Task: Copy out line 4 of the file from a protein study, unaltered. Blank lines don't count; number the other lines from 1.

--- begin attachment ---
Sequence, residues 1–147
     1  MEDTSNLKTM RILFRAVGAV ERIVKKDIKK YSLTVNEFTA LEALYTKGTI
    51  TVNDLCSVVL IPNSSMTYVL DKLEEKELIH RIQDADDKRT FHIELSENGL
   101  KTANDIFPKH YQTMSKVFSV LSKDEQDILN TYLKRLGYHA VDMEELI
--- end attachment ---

   101  KTANDIFPKH YQTMSKVFSV LSKDEQDILN TYLKRLGYHA VDMEELI